Me, Lindsey, two dogs, two oceans, a wedding and kilometers of empty roads, driving through a beatiful country.
After a good night of sleep, it was time to pack up our bags and move to Rieebek Wes, the location of the wedding, 80km north of Cape Town. The dogs (all four of them, Kirsten's Lucky and Dub and our two) travelled in another car while we collected the flowers.
The day was fantastic, no sign of clouds in the sky and the long drive to the countryside part of the Western Cape, far from the Ocean but still on the nice side of the mountains, where wineries keep popping along the roads, was relaxing enough, with Lindsey driving. I was just holding the precious flowers and decorations for the wedding in the back of the car. No pressure.
The farm chosen by the future Sprawsons was incredibly nice. I didn't even look at the brochure or the pictures months ago, all they told was that they were getting married in a barn.
So in my mind I imagined some strange and hilbilly-ish place on the mountain where dodgy Afrikaners would squeeze us in a small and smelly place, surrounded by cows and pigs.
Luckily I was wrong (and this happened a lot during the trip).
I don't remember much of my own wedding's preparation. Probably because I wasn't there. While the Thomsons were checking up the arrangements made by the professionals, I was in a drinking and swimming in a pool with my overseas friends. So when I volunteered myself to help out with the preparation I was expecting to just sit around, sip some local wine, and spend 10 minutes helping with the decorations.
The Thomsons literally took over the place. Everything was arranged by Kirsten's close and extended family (like her cousins Debbie and Bronwyn and her auntie Della), who arranged flowers, banters, tables while trying to get ready for a wedding.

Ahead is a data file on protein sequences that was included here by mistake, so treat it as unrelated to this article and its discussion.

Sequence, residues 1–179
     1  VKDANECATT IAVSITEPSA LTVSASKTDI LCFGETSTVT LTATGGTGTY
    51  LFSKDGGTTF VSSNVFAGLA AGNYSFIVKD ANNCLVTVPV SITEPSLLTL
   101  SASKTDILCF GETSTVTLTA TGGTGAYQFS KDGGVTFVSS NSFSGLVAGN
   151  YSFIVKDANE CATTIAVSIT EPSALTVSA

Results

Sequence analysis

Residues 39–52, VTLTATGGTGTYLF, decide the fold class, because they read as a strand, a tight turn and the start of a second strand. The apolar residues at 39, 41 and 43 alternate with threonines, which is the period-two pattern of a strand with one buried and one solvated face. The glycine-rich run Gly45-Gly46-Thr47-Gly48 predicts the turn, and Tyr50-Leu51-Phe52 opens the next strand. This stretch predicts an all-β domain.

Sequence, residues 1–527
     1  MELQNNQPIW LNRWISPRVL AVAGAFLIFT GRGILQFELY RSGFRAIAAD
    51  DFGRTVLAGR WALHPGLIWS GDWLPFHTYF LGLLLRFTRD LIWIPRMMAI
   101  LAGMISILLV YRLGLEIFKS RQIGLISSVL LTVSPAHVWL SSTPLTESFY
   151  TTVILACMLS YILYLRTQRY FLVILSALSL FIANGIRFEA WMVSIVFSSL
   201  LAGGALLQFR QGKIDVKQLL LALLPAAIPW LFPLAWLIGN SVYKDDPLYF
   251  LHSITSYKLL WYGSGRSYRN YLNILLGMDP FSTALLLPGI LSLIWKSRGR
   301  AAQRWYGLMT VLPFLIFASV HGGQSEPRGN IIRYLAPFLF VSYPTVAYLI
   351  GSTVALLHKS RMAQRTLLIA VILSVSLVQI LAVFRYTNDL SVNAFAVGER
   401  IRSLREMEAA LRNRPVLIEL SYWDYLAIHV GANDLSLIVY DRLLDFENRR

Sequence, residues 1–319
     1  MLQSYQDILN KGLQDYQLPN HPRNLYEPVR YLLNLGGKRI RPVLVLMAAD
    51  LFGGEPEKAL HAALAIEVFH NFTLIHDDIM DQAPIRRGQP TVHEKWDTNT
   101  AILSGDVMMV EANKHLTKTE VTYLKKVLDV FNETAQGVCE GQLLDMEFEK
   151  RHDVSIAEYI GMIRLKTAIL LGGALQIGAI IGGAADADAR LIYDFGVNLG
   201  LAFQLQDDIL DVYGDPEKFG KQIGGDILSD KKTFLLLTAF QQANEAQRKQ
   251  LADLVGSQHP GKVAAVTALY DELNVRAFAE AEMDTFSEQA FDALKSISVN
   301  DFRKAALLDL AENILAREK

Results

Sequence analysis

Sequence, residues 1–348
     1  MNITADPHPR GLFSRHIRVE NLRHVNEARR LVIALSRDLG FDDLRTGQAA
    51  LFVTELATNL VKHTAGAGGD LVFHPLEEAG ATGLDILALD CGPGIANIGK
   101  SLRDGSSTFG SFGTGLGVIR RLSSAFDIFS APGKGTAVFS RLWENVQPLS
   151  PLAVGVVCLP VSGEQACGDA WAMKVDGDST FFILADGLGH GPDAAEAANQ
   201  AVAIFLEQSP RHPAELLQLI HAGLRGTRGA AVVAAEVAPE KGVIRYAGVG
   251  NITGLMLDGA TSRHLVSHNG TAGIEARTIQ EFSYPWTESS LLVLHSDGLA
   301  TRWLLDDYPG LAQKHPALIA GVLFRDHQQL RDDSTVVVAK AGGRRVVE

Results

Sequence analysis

After spending some time hiding with Curtis, to avoid girlie duties (you know, I hate flowers), we decided that maybe it was time to help a little. I spent some time setting up the camera (I brought all my kit to film the special event) and then just doing the bits and bops, like taking care of my way too excited dogs.
The camera was ready, the lights in the barn were ready, and almost everyone was there (Andy's family arrived maybe 1 hour before the ceremony, to keep it exciting): it was time to start.
Andy arrived with his brother (who was playing the guitar), and the door at the bottom of the barn opened to let the bridesmaids in: Bronwyn, Nicola (Andy's sister), Lindsey and Jill. Then it was Kirsten's time to walk the aisle with her father David (who just 1 year and 1 day before walk another aisle with another daughter). She looked wonderful, and you could see Andy's face finally relaxing and letting the tension fly far, far away.
The ceremony was probably the quickest I've ever seen (15 minutes top), and I must say that I really liked it this way: short and sweet. No too many songs, no too much preaching, just the usual words and a nice exchange of vows (I wasn't really listening, I was too focused on framing it, but Lindsey told me the vows were cute).
Since I was filming, I didn't take many pictures, but you can check the official pictures in the link at the bottom of this page.
After the usual session of photos, it was time for me to swap the cameraman's hat for the master of ceremonies' hat (yes, I'm a multi task man, you can hire me for your wedding, all I need is a ticket, some cash and free food and booze).
The reception was outside, and the weather was perfect for the occasion. Very hot to start with (when everyone was still in the cold barn) and gradually turning to a pleasant 25 degrees, while everyone was eating. The food was great, and the speeches (David, Andy's brother and Andy) fitted the occasion.
Andy then got the acoustic guitar and sang Adam Sandler's I want to grow old with you (here's the link to the original video, from the Wedding Singer's movie).
Then, it was time to party. Back in the barn, converted now from a church to a disco, we plugged my iPod and Andy's computer and danced the night away.
Few hours later, it was time to go to sleep, and in the silence of the valley, the only thing you could hear was the dogs barking (Cucciola apparently doesn't really like people with a different colour of skin).
The next morning, before everyone went back home, we had a gigantic breakfast together and then we said goodbye to the newly married couple who left to go to Paternoster, somewhere by the sea in the Western Cape (I think).
Lindsey and I were assigned to stay at the Sprawsons' cottage, house sitting their dogs. For me, after days of travelling around, it was a nice occasion to finally do some work and relax for a week.
I was so wrong.